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Scandinavian music, as far as the outside world is concerned, practically centres about the Norwegian composer Grieg
(1843-1907) just as its dramatic art centres about Ibsen. The names, however, of four other Norwegian composers deserve mention: the pioneers Kjerulf (1815-1868) noted for his melodious songs; Svendsen (1840-1911) endowed with a fine sense for orchestral color; and Nordraak (1842-1866) the first self-conscious representative of the Norwegian spirit: a talented musician who exerted a marked influence upon Grieg--his promise cut short by an early death. In modern times the mantle of Grieg has fallen upon Sinding (1856-still living) whose songs and poetic pieces for the pianoforte have become household favorites. In Norwegian music we find the exuberant rhythmic vitality typical of a people living in the bold and highly colored scenery of that sun-lit land. Grieg, a born lyric poet saturated with folk-music, has embodied this spirit in his works. His fame rests upon his songs and descriptive pianoforte pieces; though in his Pianoforte Concerto, in his Peer Gynt Suite, in the Violin Sonatas and String Quartet he proved that he was not lacking in power to handle larger forms. But most of his work is in miniature--the expression, like the music of Schubert and Chopin, of moods short and intense. While Grieg's music is patterned upon Norwegian folk-dances and folk-melodies it is something far more. He has evoked from the characteristics of his native land a bold, original harmony and a power of color and description thoroughly his own. He might say with de Musset "Mon verre n'est pas grand, mais je bois dans mon verre." In his music we feel the sparkling sunshine and the breezes of the North.
In fact, Grieg was the first popular impressionist and for his influence in humanizing music and freeing it from academic routine his fame will endure. We have cited in the Supplement (Nos. 68, 69) one of his most original songs--the melody of which was used also for the work _Im Fruhling_ for string orchestra--and a pianoforte piece which ill.u.s.trates his rhythmic life and also in certain measures that melodic line typical of all Norwegian music: the descent from the leading tone, _i.e._, G, F-sharp, D.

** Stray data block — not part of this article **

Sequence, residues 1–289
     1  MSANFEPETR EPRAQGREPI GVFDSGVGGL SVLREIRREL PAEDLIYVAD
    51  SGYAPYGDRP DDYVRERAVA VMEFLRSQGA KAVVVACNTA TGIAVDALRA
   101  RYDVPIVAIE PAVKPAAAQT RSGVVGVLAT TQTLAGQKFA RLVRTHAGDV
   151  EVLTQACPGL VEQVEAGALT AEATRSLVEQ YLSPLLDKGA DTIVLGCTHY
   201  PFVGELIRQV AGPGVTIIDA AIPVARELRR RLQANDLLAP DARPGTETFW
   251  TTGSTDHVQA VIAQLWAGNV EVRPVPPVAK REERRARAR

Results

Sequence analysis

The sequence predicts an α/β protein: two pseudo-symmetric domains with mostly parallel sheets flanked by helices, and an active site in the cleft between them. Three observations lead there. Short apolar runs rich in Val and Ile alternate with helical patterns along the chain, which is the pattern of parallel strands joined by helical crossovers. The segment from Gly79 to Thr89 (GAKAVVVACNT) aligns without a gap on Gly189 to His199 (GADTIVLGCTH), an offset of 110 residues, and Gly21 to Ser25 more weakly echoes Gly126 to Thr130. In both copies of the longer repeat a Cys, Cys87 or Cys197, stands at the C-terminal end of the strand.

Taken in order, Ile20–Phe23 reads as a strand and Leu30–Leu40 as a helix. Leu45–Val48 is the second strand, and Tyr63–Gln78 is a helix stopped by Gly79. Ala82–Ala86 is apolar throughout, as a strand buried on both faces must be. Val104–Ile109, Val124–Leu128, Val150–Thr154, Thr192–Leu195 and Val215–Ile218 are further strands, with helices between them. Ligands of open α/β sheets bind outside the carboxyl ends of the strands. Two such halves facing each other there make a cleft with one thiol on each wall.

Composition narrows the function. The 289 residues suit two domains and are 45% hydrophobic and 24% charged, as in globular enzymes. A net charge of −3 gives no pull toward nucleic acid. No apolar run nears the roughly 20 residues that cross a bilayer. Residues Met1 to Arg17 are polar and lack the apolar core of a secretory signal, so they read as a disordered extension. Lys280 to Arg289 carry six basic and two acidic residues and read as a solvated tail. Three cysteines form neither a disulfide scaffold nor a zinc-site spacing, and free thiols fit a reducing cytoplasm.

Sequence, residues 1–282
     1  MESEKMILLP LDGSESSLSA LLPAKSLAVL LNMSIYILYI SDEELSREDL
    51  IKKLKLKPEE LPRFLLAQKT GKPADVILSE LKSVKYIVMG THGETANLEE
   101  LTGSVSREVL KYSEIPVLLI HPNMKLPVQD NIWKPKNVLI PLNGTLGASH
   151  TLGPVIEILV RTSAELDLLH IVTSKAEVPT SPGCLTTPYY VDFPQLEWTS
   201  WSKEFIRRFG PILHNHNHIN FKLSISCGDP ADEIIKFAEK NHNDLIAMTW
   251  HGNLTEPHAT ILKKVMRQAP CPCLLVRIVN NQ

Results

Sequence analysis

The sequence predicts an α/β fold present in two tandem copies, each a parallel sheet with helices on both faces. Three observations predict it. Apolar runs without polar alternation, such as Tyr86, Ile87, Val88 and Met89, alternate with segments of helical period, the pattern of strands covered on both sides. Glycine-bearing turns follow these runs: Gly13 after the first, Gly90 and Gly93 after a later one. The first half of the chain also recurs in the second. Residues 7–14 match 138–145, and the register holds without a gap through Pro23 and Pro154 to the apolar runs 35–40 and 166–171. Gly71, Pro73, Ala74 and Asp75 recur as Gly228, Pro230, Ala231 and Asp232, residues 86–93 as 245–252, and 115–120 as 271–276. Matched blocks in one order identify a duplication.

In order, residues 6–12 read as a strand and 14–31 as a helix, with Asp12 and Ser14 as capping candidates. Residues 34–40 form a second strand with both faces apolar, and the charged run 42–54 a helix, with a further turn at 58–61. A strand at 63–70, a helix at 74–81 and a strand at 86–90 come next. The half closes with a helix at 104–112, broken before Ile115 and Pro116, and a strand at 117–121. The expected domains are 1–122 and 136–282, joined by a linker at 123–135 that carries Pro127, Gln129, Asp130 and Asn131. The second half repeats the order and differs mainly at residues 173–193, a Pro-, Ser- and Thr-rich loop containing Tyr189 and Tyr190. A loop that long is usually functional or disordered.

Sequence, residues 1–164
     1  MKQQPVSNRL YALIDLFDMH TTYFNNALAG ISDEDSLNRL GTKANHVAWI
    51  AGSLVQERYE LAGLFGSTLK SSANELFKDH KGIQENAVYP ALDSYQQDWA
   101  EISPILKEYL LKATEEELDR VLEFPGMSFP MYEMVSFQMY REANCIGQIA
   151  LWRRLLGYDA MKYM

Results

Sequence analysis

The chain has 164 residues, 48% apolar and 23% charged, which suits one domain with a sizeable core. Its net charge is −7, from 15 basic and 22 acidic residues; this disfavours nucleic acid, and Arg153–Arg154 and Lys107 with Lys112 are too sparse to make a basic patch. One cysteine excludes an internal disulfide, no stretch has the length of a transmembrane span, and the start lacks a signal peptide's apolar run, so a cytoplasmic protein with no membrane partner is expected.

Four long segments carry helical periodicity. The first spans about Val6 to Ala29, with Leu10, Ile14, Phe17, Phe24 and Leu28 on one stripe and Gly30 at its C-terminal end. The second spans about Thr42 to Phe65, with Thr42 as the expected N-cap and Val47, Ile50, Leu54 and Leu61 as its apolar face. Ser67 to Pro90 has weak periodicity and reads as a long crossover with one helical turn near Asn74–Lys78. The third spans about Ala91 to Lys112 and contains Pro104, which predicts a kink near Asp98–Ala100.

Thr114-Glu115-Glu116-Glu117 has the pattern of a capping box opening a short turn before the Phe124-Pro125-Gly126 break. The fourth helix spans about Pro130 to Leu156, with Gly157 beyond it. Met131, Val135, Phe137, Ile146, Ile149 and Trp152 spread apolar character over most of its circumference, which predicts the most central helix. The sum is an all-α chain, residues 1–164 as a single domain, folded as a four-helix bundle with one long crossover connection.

[Footnote 332: The best biography in English is that by H.T. Finck; the work, however, is somewhat marred by fulsome praise.]
[Footnote 333: During the summer solstice it is dark for only a few hours; and further north, in the land, so-called, of the Midnight Sun, for a few weeks there is perpetual daylight.]
[Footnote 334: He was called by Bulow the Chopin of the North.]
For a complete appreciation therefore of national music, we must always take into consideration the traits and environment of the people from which it sprung. Music, to be sure, is a universal language, but each nation has used this language in its own way. The most striking fact in present-day music is the variety gained from a free expression of nationalism without infringing upon universality of appeal.
[Footnote 335: An admirable treatment of the whole subject may be found in Vol. III of _The Art of Music_.]
THE VARIED TENDENCIES OF MODERN MUSIC
Modern music--broadly speaking, music since the beginning of the twentieth century--is certainly manifesting the characteristics which the preceding survey has shown to be inherent in its nature: that is, it has grown by a course of free experimentation, it is the youngest of the arts, and it is a human language as well as a fine art. Hence we find that modern composers are making daring experiments in dissonance, in rhythmic variety, in subtle blends of color and, above all, in the treatment of the orchestra. In comparison with achievements in the other arts music often seems in its infancy; being limited by no practical or utilitarian considerations, and employing the boundless possibilities of sound and rhythm, there is so much still before it. The truth contained in the saying, that music is the youngest as well as the oldest of the arts, becomes more apparent year by year; for although a work which originally had imaginative life can never die, yet many former works have pa.s.sed out of recognition simply because they have been superseded by more inspired ones, composed since their day. We can no longer listen with whole-hearted enthusiasm to many of the older symphonies, songs and pianoforte pieces, because Brahms, Franck, Debussy and d'Indy have given us better ones.